How to order labels pt.1

The topic of labels is so basic that it’s one of those things that I keep forgetting to write about. Toward that end, I’m working with Laven Industries, a label manufacturer in Canada to write a basic primer on how designers should design and order labels. Actually, the contribution from Laven may be better described as coercion on my part because Laven wants to advertise on this site and I said okay (they came highly recommended from several of you and they ship to the states) but I stipulated that they had to provide educational services to my visitors on how to buy labels (no wonder I have few advertisers). Anyway, Lee Laven enthusiastically agreed so I’d also assume he has a sense of humor. Miracle (my co-blogger) also contributed to this material. You should read her post on Good Logo Design before this one.

If you’re buying labels for the first time you have to answer a few simple questions:

1. What type of garment/product do you make? Is it high end, low end, basic t-shirts, hang bags, sportswear, etc. In other words, do you need printed or woven labels or another kind entirely?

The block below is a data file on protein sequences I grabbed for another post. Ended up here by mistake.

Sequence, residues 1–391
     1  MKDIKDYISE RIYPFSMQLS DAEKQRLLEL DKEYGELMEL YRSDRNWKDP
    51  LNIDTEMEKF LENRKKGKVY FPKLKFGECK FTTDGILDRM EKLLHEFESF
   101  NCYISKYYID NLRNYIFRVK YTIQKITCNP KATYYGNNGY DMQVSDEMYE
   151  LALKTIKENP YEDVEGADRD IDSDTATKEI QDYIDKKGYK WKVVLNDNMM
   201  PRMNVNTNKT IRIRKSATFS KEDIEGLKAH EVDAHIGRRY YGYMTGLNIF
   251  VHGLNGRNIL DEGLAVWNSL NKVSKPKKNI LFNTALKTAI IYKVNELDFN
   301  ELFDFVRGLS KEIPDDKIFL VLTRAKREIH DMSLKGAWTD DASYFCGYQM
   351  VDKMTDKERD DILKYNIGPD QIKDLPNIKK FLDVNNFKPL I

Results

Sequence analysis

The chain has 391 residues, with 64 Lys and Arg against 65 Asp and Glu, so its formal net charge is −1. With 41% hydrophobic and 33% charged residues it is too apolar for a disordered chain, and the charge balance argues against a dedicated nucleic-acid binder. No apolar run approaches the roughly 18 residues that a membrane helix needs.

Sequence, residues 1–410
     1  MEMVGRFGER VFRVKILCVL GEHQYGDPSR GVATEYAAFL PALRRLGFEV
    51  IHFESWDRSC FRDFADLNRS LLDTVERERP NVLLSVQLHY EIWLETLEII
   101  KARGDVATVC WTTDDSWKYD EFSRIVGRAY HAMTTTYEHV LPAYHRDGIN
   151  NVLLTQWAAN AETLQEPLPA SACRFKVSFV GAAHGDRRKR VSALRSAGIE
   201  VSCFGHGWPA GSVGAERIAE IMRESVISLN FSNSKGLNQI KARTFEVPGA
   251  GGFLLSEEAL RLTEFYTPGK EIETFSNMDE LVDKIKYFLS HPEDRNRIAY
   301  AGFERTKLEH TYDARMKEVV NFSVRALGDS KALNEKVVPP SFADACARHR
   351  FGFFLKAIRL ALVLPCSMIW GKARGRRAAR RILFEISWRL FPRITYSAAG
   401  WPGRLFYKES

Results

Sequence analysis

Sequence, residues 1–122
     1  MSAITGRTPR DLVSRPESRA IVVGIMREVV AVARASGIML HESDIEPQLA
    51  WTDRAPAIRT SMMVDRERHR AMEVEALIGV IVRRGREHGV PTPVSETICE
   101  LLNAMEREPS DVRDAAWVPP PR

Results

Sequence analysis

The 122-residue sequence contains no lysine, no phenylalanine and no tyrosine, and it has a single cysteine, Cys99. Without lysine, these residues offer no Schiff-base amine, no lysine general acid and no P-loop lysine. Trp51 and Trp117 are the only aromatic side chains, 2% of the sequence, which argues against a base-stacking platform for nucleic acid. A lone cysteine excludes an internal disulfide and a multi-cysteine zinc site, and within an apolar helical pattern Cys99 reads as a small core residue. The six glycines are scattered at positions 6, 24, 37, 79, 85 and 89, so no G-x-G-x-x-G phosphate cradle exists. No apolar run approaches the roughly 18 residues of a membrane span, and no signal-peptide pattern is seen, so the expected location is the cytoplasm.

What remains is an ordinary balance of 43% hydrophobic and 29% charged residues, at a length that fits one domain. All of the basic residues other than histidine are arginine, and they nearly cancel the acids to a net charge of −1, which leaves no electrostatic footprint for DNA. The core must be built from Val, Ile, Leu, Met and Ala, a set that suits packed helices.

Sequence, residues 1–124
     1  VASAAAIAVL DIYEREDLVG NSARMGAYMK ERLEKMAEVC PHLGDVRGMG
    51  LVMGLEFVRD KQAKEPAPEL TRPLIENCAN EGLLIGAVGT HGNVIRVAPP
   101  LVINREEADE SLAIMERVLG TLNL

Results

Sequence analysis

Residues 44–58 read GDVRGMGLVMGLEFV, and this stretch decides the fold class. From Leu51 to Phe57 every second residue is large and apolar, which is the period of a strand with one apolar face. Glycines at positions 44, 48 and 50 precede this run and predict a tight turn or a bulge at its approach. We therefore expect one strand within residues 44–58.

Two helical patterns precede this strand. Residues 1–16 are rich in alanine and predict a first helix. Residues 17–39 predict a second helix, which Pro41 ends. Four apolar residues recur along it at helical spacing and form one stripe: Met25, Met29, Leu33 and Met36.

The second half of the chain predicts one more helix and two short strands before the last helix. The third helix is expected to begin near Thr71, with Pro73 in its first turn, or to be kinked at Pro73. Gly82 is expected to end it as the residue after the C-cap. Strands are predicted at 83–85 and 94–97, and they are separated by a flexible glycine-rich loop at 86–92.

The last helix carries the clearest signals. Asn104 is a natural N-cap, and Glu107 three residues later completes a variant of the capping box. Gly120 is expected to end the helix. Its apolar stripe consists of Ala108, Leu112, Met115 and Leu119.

Woven labels are used in higher end, most designer lines use these. There are various types of weaves, satin, taffeta and damask. Damask is the higher end label and it’s softer. Most label companies charge based on the weave. However, Laven’s price on the damask, satin and taffeta are the same so it makes more sense to go with the higher end label. You can compare the value of that by reading this price comparison chart between label weaves.

Printed labels are usually used on lower end garments such as t-shirts or on the inside of garments. But still, printed labels can be very nice on the high end satin.

Care/content and size labels are needed by most manufacturers. In fact, this is a good time to consider whether you should have an RN number if you don’t already have one. If so, you may want your RN placed on your care and content labels. If you’re new to these parts and you’re not sure you know what I’m talking about, The legalities of labeling will explain everything. The direct link to apply for an RN is here and also in the left side bar.

Specialty labels are another option. Depending on your product, you may need a specialty label such as PVC, heat transfers (label less) or those made of leather or suede. Laven labels also makes these kind of labels, most houses do. Miracle says that thermal printed labels are an inexpensive way to print content/care/size labels, or even logo labels for inexpensive items. She’s says she’s paid as little as $20-30 per 1,000, depending on the size of the label.